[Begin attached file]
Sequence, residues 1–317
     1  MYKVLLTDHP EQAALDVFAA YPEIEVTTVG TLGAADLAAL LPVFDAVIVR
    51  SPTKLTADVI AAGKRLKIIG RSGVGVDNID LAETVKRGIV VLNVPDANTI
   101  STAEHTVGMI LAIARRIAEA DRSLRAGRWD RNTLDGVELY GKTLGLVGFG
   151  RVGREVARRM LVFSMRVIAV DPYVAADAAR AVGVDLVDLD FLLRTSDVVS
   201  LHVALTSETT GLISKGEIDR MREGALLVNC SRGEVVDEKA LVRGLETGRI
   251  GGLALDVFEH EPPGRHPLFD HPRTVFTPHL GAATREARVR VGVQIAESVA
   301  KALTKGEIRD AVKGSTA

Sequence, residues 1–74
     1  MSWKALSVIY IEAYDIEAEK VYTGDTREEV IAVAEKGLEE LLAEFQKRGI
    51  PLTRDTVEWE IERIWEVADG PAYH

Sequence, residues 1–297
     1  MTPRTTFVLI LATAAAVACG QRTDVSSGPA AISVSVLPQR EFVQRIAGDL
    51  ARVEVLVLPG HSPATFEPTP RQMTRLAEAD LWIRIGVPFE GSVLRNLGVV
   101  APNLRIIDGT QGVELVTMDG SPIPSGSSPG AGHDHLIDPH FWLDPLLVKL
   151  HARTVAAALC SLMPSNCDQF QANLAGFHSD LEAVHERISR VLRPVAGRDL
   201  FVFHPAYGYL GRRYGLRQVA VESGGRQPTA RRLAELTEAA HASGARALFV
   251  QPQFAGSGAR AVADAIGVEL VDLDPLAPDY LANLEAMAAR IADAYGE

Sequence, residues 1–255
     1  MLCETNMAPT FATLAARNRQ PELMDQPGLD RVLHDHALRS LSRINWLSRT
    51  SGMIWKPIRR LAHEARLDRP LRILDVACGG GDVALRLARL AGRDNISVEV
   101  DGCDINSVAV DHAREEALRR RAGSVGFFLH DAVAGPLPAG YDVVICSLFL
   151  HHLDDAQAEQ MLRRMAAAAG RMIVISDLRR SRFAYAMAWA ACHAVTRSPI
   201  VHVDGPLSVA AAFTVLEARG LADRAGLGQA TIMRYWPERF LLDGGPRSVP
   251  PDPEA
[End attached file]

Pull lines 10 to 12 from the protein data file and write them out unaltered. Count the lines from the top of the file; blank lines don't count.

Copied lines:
     1  MSWKALSVIY IEAYDIEAEK VYTGDTREEV IAVAEKGLEE LLAEFQKRGI
    51  PLTRDTVEWE IERIWEVADG PAYH

Sequence, residues 1–297